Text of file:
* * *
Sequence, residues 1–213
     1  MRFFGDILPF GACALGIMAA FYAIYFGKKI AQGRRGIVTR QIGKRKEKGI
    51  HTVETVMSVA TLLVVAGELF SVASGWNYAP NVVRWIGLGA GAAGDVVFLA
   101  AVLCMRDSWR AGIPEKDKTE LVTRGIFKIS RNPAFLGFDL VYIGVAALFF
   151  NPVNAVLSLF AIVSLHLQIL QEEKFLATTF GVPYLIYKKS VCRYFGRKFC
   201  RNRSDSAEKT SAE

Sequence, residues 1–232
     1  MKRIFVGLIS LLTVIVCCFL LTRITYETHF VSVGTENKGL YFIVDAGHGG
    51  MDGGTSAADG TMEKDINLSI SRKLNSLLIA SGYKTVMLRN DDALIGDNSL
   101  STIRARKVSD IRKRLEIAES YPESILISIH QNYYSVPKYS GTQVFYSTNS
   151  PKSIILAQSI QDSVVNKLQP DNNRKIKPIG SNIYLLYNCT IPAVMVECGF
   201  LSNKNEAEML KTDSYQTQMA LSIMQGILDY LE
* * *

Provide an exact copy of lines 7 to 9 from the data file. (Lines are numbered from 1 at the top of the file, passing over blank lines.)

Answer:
Sequence, residues 1–232
     1  MKRIFVGLIS LLTVIVCCFL LTRITYETHF VSVGTENKGL YFIVDAGHGG
    51  MDGGTSAADG TMEKDINLSI SRKLNSLLIA SGYKTVMLRN DDALIGDNSL